Admittedly, I didn’t own a tofu press for a long time. I pressed my tofu by wrapping my tofu in a clean tower and topping it with a heavy cast iron skillet. I did this for a number of years without issue until my cast iron tipped off of the tofu on day and landed on my new hardwood floor, denting it. My husband gave me this tofu press for Christmas after that.
Now that I have a tofu press, I’m all about them. And this tofu press is pretty slick. It applies even pressure to a block of tofu. And pressure matters. Too little and you won’t drain enough of the liquid. Too much and you’ll crush your tofu, making it impossible to cube it for even cooking.
Down a broiler pan? These aluminum baking sheets come highly recommended by the cooks who know best – Epicurious, Cooks Illustrated and Food & Wine. I bought mine because I needed a good, sturdy baking sheet to use under the broiler. One that wouldn’t warp – and this one lives up to the task.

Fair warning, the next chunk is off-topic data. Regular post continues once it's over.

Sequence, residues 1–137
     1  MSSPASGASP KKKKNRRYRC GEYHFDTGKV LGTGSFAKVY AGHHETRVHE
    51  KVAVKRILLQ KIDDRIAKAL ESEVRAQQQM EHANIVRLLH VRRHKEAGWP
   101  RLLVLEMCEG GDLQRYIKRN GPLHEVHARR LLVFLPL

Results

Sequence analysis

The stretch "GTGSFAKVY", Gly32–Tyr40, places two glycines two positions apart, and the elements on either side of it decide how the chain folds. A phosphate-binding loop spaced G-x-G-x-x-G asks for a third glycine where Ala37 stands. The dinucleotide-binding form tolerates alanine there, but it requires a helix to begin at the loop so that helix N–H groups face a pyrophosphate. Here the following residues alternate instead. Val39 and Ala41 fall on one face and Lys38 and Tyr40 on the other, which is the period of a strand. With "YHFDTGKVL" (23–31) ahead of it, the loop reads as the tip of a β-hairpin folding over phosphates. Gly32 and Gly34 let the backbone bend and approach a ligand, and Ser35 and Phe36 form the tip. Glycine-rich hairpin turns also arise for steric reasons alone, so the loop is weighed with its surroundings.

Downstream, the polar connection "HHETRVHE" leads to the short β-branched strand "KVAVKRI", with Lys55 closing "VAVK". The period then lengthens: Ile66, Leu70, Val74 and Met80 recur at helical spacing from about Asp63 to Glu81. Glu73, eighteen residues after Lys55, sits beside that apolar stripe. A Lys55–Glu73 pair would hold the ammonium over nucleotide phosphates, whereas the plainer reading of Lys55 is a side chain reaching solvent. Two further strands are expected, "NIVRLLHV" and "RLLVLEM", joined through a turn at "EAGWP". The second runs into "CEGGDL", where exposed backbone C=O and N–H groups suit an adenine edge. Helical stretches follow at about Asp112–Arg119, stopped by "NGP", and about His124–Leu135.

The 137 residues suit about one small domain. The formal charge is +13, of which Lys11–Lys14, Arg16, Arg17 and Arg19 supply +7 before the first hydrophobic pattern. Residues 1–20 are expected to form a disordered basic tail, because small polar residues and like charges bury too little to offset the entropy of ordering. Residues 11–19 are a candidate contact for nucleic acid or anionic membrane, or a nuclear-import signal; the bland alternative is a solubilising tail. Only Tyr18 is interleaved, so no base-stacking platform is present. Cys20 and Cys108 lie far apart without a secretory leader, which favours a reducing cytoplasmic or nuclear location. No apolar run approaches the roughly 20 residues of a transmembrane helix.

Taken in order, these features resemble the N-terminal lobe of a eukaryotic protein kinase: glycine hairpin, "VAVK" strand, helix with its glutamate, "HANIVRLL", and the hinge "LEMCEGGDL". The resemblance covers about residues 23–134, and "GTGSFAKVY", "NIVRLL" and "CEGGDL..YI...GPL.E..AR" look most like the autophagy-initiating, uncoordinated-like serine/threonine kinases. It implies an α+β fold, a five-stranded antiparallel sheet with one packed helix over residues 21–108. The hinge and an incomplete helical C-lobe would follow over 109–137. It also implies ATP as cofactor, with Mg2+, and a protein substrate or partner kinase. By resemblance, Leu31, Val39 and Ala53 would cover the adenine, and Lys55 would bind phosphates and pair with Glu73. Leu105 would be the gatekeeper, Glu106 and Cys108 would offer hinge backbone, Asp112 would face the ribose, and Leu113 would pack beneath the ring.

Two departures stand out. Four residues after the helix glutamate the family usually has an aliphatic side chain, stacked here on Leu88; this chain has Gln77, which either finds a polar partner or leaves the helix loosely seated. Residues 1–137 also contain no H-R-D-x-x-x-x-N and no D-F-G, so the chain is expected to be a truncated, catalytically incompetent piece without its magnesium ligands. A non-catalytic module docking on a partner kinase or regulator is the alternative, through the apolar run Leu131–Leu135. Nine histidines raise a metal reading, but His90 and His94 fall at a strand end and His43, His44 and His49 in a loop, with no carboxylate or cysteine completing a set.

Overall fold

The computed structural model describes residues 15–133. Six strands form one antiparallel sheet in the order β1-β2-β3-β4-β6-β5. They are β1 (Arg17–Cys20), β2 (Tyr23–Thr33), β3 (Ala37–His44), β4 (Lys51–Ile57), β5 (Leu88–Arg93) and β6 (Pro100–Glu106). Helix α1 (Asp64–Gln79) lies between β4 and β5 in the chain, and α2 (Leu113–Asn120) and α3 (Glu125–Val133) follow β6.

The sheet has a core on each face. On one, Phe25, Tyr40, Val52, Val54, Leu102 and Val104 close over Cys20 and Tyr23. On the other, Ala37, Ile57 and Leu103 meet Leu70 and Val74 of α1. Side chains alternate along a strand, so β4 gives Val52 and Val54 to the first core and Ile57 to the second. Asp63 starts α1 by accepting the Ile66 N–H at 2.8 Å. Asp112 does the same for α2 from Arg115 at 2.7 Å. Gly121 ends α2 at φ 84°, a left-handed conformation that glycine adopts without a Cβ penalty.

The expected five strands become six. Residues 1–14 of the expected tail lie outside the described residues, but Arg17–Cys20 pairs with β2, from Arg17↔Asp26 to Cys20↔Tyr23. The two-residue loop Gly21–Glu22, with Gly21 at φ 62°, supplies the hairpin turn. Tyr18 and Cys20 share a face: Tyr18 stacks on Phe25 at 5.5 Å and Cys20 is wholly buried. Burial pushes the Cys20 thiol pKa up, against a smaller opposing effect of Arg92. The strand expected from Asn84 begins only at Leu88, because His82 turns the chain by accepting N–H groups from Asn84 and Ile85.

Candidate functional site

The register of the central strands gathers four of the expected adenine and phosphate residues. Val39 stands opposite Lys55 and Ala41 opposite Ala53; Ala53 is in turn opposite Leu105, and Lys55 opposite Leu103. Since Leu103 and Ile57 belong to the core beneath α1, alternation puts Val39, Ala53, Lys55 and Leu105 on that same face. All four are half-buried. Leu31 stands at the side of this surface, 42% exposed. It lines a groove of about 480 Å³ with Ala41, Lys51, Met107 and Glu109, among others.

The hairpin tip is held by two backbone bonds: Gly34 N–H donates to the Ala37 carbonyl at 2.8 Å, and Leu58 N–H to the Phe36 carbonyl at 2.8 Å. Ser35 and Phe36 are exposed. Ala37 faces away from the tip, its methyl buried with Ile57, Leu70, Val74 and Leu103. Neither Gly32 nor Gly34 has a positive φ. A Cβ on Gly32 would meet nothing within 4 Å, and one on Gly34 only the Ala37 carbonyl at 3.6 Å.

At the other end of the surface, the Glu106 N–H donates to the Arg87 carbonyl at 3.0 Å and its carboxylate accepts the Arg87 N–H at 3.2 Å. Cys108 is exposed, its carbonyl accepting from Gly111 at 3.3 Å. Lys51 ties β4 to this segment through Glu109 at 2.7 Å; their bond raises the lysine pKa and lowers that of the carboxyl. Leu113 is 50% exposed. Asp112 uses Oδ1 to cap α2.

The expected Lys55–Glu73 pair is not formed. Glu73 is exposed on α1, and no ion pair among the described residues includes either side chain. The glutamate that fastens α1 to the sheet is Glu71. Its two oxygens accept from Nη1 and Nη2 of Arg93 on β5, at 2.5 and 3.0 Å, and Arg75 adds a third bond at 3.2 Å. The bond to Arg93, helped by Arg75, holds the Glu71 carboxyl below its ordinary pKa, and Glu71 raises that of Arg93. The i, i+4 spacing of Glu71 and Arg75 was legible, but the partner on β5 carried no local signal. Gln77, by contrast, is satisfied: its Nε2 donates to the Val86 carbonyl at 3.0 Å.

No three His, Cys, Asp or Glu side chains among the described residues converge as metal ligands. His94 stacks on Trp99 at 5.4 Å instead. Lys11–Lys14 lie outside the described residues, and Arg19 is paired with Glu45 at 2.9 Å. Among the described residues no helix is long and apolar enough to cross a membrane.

Aluminum is a good conductor of heat, so these baking sheets cook evenly. They’re also light in color, so they discourage over-browning.
Noodle bowls are a favorite of mine and I love serving them when I have guests. I recommend picking up a set so that you have plenty of room for all of that delicious broth! I’m currently digging this decorative set!
Like the noodle bowls, eating miso ramen is more fun with the right spoon. These Asian soup spoons are perfect for this ramen noodle bowl!
Veggie Loaded Vegan Pho